News articles classified as Q&A

Understanding protests in Iran

Abbas Milani, founding director of Stanford’s Iranian Studies Program, discusses how the most recent protests sweeping cities and villages across Iran are part of an enduring fight to advance women’s rights and equality.

Empowering private landowners to prevent wildfires

Controlled burning has proven effective at reducing wildfire risks, but a lack of insurance has dissuaded private landowners from implementing the practice. Policy expert Michael Wara discusses soon-to-be-enacted legislation that would pay for fire damages to neighboring properties in California.

Stanford Medicine —

Can we rejuvenate aging brains?

Neuroscientist Tony Wyss-Coray discusses his work in the field of cognitive rejuvenation.

Extreme heat’s impact on labor

Few regulations exist to protect laborers from increasingly frequent extreme heat events. Stanford experts explain extreme heat’s impacts on workplace risks, marginalized communities, and the economy.

Children’s health and climate change

Children are more likely than adults to suffer health impacts due to environmental impacts. Kari Nadeau of Stanford’s Sean N. Parker Center for Allergy & Asthma Research discusses related risks, as well as what caregivers and health care workers can do about them.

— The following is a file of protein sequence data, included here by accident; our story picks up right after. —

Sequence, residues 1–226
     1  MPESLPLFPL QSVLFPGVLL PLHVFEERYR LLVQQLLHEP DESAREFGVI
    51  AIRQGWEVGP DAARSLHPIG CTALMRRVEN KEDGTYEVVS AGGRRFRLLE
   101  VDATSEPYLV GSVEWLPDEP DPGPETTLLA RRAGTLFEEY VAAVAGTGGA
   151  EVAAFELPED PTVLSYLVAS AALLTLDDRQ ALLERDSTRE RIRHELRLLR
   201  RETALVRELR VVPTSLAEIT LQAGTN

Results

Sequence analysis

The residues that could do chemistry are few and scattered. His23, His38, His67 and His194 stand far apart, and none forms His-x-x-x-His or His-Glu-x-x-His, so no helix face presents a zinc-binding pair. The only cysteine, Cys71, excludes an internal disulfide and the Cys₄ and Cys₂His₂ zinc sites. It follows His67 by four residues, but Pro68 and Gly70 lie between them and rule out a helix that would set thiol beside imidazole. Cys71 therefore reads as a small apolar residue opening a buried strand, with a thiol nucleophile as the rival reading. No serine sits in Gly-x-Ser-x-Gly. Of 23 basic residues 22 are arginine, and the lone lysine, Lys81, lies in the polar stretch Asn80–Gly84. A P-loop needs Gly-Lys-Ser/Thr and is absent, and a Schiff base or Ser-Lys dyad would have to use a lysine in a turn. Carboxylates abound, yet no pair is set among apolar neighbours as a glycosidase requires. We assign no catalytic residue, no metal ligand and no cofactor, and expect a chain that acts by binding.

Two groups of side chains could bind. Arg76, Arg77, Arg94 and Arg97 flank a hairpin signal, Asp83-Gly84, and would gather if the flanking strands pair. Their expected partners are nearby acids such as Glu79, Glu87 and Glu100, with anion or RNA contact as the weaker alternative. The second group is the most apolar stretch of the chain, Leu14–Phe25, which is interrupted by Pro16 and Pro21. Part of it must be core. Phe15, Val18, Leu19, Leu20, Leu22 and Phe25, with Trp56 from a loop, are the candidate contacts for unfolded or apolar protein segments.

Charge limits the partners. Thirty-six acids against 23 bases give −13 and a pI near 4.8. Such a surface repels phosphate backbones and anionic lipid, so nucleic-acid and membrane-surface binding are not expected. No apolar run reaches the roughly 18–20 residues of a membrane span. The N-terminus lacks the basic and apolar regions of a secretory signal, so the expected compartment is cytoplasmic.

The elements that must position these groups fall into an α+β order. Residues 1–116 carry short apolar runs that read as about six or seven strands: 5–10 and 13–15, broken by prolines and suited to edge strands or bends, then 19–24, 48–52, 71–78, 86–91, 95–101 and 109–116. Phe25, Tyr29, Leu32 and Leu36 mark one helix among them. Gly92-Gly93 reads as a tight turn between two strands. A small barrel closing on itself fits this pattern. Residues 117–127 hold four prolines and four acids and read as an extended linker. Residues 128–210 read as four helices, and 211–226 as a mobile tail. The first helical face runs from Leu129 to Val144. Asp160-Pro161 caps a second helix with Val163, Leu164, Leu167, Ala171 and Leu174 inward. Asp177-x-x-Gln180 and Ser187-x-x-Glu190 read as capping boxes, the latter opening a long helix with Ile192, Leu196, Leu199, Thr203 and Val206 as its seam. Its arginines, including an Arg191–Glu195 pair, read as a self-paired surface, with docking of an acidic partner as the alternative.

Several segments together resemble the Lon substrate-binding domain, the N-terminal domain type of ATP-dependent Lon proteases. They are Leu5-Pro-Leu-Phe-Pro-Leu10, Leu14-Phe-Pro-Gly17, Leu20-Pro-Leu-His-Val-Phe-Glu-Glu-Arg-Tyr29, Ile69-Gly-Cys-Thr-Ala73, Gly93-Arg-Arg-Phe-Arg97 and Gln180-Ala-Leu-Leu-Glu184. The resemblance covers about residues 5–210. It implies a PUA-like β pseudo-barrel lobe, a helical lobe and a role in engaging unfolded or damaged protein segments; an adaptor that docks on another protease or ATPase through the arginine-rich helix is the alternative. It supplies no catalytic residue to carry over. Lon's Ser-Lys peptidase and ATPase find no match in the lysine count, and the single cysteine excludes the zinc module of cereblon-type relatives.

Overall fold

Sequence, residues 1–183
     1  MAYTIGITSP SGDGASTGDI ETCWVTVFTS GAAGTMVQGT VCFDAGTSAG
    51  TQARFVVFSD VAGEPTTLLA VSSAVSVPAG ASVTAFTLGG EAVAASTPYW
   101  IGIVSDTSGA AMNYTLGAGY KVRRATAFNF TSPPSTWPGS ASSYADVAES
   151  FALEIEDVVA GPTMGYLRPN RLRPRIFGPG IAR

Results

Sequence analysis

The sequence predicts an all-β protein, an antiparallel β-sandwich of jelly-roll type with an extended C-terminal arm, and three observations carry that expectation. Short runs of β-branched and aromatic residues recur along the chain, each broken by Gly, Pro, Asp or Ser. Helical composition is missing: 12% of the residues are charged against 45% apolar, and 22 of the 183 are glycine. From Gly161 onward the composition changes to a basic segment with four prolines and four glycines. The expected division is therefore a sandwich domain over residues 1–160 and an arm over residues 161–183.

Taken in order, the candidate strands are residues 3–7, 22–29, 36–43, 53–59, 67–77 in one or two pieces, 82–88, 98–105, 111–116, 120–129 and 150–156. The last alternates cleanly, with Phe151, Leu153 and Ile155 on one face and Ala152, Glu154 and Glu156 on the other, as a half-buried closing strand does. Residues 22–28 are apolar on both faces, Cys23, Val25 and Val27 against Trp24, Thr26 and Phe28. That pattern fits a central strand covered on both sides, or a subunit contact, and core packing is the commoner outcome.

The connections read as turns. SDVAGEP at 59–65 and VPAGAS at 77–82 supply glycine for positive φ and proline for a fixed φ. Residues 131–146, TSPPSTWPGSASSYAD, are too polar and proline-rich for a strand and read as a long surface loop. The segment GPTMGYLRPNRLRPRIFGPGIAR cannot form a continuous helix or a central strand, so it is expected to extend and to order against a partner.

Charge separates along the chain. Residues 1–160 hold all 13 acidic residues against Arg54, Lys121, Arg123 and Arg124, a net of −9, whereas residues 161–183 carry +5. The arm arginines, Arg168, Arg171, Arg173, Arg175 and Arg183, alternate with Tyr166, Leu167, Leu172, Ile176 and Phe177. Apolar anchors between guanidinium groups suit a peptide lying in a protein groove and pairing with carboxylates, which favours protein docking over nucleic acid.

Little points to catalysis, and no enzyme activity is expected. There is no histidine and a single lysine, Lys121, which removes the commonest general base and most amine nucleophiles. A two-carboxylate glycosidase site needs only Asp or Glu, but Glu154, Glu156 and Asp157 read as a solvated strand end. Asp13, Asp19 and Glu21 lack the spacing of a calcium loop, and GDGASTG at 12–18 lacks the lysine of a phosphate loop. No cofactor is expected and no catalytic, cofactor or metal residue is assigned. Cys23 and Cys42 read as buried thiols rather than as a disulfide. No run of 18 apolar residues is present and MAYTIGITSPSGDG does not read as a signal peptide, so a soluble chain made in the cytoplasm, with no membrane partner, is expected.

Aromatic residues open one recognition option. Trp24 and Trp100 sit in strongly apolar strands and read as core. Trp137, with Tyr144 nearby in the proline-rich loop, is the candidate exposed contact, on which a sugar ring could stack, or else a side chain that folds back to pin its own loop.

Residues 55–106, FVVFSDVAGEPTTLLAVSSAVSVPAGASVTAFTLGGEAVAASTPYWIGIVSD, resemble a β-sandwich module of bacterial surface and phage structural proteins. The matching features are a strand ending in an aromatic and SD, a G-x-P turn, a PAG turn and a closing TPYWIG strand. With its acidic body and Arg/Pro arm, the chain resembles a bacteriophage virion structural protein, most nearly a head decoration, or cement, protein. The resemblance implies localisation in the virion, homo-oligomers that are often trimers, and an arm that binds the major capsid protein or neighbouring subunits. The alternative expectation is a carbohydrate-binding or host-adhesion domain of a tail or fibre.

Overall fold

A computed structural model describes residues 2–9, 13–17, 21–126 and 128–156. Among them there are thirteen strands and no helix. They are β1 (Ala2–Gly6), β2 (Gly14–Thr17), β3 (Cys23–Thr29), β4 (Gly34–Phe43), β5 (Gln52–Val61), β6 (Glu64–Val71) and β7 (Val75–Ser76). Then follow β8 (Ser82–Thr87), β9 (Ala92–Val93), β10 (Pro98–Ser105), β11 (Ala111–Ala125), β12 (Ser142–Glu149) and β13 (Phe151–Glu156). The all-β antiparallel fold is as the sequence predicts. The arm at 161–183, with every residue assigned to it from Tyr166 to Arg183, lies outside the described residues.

Stanford Medicine —

Q&A: What to know about monkeypox

The monkeypox virus is normally endemic to Africa but has recently been found on other continents. It spreads through prolonged, direct contact with infected people or their bedding, clothing and towels.

Wu Tsai Neurosciences Institute —

Q&A: How the aging immune system impacts brain health

Katrin Andreasson, professor of neurology and neurological sciences, talks about the role the aging immune system plays in the development of age-related brain diseases.

Stanford Law School —

Law and race after George Floyd

At the two-year anniversary of George Floyd’s death, Rick Banks, director of the Center for Racial Justice, and David Sklansky, co-director of the Criminal Justice Center, look at how policing, racism, and the law have changed.

Massive conservation effort

California has rolled out plans to protect plant and animal life across 30 percent of the state’s most critical land and water by 2030. Biologists Elizabeth Hadly and Mary Ruckelshaus and environmental law expert Deborah Sivas discuss keys to its success, potential impacts, legal precedents, and more.